There are six varieties of sea turtles in the Whitsundays and sighting them is common when exploring the islands and coastline. Getting up close to these gentle sea creatures is always exciting, even for locals who have been sharing the waters with them for years.
Unfortunately, our local turtles can sometimes get into trouble from human interference. Injuries from pollution, plastic, boat propellers and fishing waste can distress turtles, but if they are found early they can be rehabilitated and saved.
Our turtles rely on people who are using their waters to keep an eye out for them and to call in rescue teams when necessary. In this post, we'll share a rescue story, tell you what to look for when a turtle is showing signs of distress and what you and do to help.
This month, the team at Whitsunday Rent A Yacht had a first-hand experience of what happens when a turtle is distressed and needs to be rescued.
A juvenile green turtle, now named ‘Carlee’, was spotted at our Shute Harbour base in the mooring zone. Caught in a thin mooring line she was suffering from floating syndrome, a serious condition which stops the animal diving for food and ultimately leads to starvation and death. Thankfully, treatment is often highly successful and Carlee was destined to receive human help.
The Whitsunday Turtle Rescue Centre is a local facility which has been operating since 2013. A total of 42 turtles have been rescued, made remarkable recoveries and been successfully released back into the wild.
On the rescue centres advice, Carlee was taken from the ocean and loaded into a tender, wrapped in wet blankets and transported to the jetty by our operations team. She was then collected by volunteers and taken to quarantine tanks for assessment and treatment.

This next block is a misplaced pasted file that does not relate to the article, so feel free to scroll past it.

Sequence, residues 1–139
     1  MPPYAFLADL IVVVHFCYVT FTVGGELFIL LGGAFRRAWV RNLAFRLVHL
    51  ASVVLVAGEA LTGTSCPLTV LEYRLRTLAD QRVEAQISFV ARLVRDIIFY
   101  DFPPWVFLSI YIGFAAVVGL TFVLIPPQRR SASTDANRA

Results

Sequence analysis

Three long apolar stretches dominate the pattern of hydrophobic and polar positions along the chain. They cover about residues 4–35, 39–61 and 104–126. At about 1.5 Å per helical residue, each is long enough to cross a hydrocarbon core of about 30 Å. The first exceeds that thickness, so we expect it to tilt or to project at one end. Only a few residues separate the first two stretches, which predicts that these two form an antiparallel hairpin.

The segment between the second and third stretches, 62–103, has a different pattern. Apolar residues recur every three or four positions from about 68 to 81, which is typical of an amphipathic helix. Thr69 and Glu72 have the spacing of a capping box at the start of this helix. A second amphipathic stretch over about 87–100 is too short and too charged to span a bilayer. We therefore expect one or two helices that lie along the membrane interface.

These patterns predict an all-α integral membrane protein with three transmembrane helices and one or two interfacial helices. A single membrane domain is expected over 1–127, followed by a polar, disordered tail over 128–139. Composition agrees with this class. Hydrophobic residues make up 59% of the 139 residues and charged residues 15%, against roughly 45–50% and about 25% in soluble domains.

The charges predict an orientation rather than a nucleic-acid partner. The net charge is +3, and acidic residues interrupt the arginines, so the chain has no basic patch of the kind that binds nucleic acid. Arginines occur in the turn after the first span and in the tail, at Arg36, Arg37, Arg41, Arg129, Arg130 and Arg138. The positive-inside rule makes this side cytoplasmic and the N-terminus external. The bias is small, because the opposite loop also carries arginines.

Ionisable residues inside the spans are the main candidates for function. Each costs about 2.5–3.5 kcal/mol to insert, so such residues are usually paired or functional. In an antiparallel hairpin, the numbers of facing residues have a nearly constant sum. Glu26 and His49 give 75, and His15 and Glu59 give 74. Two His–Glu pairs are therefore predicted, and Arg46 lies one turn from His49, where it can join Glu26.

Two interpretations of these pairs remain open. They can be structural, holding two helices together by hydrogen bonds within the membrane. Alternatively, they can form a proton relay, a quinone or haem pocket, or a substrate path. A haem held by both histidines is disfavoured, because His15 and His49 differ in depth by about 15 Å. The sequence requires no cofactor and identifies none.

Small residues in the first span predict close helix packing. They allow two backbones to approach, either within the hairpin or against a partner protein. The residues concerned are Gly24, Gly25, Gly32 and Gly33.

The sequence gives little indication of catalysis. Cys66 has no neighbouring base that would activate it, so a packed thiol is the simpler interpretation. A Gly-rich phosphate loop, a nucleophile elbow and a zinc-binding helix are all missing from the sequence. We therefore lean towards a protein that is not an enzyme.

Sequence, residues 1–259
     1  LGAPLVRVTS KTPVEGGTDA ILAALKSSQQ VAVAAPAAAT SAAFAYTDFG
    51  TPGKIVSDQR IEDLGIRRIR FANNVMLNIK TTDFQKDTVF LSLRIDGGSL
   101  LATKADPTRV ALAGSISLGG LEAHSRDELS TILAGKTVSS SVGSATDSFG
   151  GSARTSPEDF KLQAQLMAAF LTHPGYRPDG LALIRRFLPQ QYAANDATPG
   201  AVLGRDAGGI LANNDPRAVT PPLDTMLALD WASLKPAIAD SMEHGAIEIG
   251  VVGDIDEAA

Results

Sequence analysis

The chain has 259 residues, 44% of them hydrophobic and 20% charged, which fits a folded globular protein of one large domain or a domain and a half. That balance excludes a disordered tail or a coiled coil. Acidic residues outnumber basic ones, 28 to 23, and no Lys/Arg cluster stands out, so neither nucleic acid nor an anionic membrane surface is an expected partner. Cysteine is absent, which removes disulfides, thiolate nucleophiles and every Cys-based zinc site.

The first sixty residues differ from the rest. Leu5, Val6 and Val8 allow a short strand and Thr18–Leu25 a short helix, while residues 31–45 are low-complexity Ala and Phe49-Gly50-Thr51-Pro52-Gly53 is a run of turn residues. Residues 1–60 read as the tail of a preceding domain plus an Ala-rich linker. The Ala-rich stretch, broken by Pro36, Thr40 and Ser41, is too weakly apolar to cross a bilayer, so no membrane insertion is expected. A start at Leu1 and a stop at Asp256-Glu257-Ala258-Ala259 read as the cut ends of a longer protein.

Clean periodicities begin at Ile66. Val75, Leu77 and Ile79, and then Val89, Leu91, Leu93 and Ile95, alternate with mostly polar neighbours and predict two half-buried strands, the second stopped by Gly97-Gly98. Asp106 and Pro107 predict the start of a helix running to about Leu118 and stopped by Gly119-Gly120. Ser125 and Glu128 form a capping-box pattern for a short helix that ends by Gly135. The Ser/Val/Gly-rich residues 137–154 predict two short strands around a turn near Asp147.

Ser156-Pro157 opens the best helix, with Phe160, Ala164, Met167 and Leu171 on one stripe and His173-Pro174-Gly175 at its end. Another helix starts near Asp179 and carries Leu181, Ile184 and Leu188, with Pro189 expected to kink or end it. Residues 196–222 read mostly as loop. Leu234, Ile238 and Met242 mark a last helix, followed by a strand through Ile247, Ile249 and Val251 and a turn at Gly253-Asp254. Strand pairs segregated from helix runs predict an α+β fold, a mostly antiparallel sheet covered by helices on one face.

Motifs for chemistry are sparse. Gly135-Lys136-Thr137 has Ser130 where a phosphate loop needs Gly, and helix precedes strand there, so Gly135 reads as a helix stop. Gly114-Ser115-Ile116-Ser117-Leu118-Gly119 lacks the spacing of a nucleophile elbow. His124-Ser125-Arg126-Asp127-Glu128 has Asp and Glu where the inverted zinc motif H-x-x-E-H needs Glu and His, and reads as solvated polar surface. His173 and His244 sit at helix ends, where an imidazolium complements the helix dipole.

Carlee is expected to remain at the Whitsunday Turtle Rescue Centre for about three months but once fully recovered she will be released back into the wild from Shute Harbour.
Whitsunday Turtle Rescue Centre founder Libby Edge says it’s important for turtle survival that members of the public are able to identify sick or injured animals.
“A member of the public that comes across a sick or injured turtle is allowed to rescue that turtle should it be safe enough to do so, but they must bring the turtle to the closest Turtle Rehabilitation Centre and in the Whitsundays that would be us,” she says.
Signs of a distressed turtle include:
If you see what you suspect to be an injured or sick turtle the best course of action is to call the hotline on 1300 ANIMAL (264 625).
With such amazing marine life on our doorstep, Whitsunday Rent-A-Yacht is proud to be an Eco-Certified tourism operator. We are also very grateful for the work that the turtle rescue centre do and we regularly donate old blankets from charter yachts to the centre.
We are an Eco-certified operator because we love where we live and we feel a sense of responsibility to be custodians of this beautiful part of the world. We go to work every day grateful that we spend our 9-5 life in the pristine Shute Harbour. And what gives us even more joy is sharing this stunning part of the world with visitors and educating them on how to protect it.
Onboard your Whitsunday Rent-A-Yacht charter vessel you will find several ecotourism resources including whale and marine species, mooring and anchoring, and national parks fact sheets.
There are many ways we can help our turtles and other Whitsunday marine life thrive and these include:
Around the Whitsunday islands, there are many locations which are popular turtle sighting spots.
TOP TIP: You will often hear a turtle before you see it, as they exhale loudly when surfacing from the depths.
We hope that you are able to experience snorkelling alongside a sea turtle when you visit the Whitsundays or the Great Barrier Reef. An encounter with these mesmerising creatures is something you will never forget.
Join us to spot turtles in the Whitsundays and enjoy the freedom to explore
The day of Carlee's rescue at the Whitsunday Rent A Yacht base